Saturday, August 16, 2008

Dinner: so far, yet another 4-loaf batch of bread. My boys eat a ridiculous amount of bread. On the horizon, haddock chowder and roasted green bean salad, if I can manage to pick beans before it starts pouring again.

I'm working on a series of essays about my relationship to my favorite books. Following is an excerpt from one of those essays, "Self-Portrait, with War and Peace." You can find the rest of the piece in the current (summer 08) issue of the Threepenny Review.

I’m forty-three years old, and to date I’ve read War and Peace eight or ten times. I’ve worn out one cheap paperback copy and am now working on wearing out an elderly Modern Library hardback I unearthed at a yard sale. My guess is that I’ll reread the novel a few more times before I die, though how many more times is impossible to calculate. As Arlo Guthrie says, “I’ll wait till it comes round on the gui-tar”—till I’m browsing along my bookshelves and am suddenly smitten with longing for the sight of Natasha dancing in Uncle’s hut, for fat Pierre innocently disrupting a fancy tea party, for Petya shyly asking a Cossack to sharpen his sword, for Nikolay stomping in to rescue Princess Marya from her confused serfs. One doesn’t plan ahead for infatuation; though after thirty years spent with the novel, I’m no longer surprised that it keeps appearing in my lineup.

On its simplest level, rereading books is a childish habit, like biting my nails or agreeing to play Monopoly only if I can be the dog. But children understand there’s satisfaction in familiarity. When I reread a book, I already know the characters and what they will do. I’m prepared for all sudden deaths and thwarted romances. The “shock of the new” is not, to me, a literary recommendation. It’s not that I dislike discovering unknown books. I just like reading them again better. Sometimes my desire to reread a well-loved book erupts twice in one year, sometimes once in a decade. Often I reread books I only sort of enjoyed the first time through, and fairly often I reread books that actively annoy me but that I hope will have a medicinal effect on my character or my brain. I’ve been known to reread books that have no good qualities whatsoever, just for old times’ sake.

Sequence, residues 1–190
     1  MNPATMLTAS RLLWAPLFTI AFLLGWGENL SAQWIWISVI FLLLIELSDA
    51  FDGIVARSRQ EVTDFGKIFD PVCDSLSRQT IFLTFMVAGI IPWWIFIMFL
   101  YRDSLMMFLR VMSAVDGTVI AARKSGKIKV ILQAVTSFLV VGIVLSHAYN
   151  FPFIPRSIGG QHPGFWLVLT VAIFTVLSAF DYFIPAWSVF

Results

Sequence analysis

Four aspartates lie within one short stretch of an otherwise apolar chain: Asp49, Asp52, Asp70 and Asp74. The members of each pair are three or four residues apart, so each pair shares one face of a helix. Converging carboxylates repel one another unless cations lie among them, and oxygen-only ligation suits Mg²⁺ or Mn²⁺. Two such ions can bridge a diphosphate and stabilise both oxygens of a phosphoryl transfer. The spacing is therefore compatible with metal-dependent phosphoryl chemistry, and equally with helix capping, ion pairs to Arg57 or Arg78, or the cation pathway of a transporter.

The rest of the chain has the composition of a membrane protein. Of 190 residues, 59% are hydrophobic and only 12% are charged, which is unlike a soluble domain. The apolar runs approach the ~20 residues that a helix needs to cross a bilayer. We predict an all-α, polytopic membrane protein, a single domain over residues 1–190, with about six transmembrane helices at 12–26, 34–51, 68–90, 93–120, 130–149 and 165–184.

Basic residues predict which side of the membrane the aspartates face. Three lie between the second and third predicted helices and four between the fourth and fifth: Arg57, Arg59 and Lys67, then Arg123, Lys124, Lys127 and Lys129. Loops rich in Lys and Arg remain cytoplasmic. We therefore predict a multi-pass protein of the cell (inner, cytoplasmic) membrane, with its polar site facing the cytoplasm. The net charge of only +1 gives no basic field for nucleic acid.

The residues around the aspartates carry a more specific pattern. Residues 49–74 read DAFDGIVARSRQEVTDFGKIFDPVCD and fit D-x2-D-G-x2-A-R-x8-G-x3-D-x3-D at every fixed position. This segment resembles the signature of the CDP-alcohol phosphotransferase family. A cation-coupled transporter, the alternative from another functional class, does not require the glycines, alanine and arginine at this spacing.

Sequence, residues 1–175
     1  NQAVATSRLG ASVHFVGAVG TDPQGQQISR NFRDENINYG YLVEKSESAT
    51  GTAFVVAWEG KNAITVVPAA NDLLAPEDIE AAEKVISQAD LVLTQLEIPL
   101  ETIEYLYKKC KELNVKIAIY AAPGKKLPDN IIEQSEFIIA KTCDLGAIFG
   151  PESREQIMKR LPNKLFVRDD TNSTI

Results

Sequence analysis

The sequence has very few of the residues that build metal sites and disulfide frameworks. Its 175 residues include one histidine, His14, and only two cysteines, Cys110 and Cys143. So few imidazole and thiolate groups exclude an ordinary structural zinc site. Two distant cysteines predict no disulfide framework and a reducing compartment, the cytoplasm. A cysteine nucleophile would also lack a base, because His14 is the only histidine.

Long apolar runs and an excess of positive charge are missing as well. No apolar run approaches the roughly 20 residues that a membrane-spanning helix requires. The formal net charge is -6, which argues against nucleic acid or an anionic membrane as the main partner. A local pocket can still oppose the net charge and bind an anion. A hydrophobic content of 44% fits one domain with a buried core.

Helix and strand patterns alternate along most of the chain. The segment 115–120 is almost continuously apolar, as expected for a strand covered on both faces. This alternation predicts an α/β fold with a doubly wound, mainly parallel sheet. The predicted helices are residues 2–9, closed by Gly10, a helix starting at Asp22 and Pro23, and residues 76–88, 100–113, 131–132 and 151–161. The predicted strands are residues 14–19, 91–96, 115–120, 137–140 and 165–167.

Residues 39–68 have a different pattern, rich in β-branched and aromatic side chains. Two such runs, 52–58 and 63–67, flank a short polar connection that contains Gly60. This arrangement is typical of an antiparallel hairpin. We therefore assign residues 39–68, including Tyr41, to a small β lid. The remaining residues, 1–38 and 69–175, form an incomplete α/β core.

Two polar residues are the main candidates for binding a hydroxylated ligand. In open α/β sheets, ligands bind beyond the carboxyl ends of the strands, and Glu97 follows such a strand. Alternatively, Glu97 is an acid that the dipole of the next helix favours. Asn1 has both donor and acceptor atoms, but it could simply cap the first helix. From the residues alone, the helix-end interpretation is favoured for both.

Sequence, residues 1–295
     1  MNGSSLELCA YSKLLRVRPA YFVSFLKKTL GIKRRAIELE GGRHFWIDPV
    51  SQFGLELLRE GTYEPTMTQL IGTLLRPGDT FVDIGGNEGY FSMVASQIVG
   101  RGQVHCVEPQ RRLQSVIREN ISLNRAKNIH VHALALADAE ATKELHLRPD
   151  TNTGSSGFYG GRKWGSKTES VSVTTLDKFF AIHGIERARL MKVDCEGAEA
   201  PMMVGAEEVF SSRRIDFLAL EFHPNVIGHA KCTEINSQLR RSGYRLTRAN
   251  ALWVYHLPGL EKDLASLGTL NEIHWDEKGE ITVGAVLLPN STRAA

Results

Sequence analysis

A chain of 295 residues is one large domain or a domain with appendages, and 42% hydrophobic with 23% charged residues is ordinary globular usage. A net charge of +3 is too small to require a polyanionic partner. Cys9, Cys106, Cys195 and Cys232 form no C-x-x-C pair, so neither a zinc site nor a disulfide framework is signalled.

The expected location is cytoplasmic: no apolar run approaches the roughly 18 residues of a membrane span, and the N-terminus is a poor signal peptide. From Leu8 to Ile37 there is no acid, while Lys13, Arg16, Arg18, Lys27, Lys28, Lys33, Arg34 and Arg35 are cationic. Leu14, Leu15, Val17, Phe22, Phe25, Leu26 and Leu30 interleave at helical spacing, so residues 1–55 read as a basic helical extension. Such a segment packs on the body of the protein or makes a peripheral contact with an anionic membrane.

Yet this clingy, childish attachment to books—this cozy insularity, this familiar pacifier—constructs its own lived history. That is particularly true of my inner circle of favored works, primarily novels, which have come to constitute an alternate lineage of near-equal reality. Among backward-looking literary types, it’s a common-enough list, including, among other works, most of the novels of Dickens, Eliot, Austen, and the elder Brontë sisters; several Gaskell, Bowen, Woolf, and Murdoch novels; and Tolstoy’s Anna Karenina and War and Peace. Probably the only unusual factor is that I’ve reread each of these books ten or fifteen separate times without any intention of teaching them in an English class.

Lately I’ve learned that a new translation of War and Peace has been published, and by all accounts it’s a far better effort than the old Constance Garnett standby: more accurate to the rhythm of Tolstoy’s sentences, so the experts report, more attuned to the nuance of class-inflected language. The reviewers’ explications make good bedtime reading; and flipping languorously through the pages of the New York Review of Books, I’ve enjoyed various compare-and-contrast-the-translation extracts, easily convinced that the new edition would be a shiny addition to a bookshelf.

I’m relieved, however, that no one thought to give it to me for Christmas. For when it comes to my inner circle of books, I’m not all that interested in accuracy, or readability, or accessible notes, or pertinent introductions, or any of the typical reasons that drive a serious reader to purchase a new edition of a classic work. I do prefer to read a book that doesn’t fall apart in the bathtub; and since I’ve read many of my favored books to rags, I’ll occasionally acquire sturdier copies if I run across them at the Goodwill. But the idea of reading a new translation of a book I know intimately makes me anxious. I haven’t yet gotten used to the idea that Anna’s last name now translates as “Karenin,” not “Karenina,” or that the English title for Proust’s linked novels is no longer Remembrance of Things Past but In Search of Lost Time. What if a new translation of War and Peace spells Prince Andrey’s name in a new way? The thought is distressing in the way that any rupture in a comforting routine is upsetting. It opens a scary door. If Prince Andrey’s name has changed, will he be different from the man I love?

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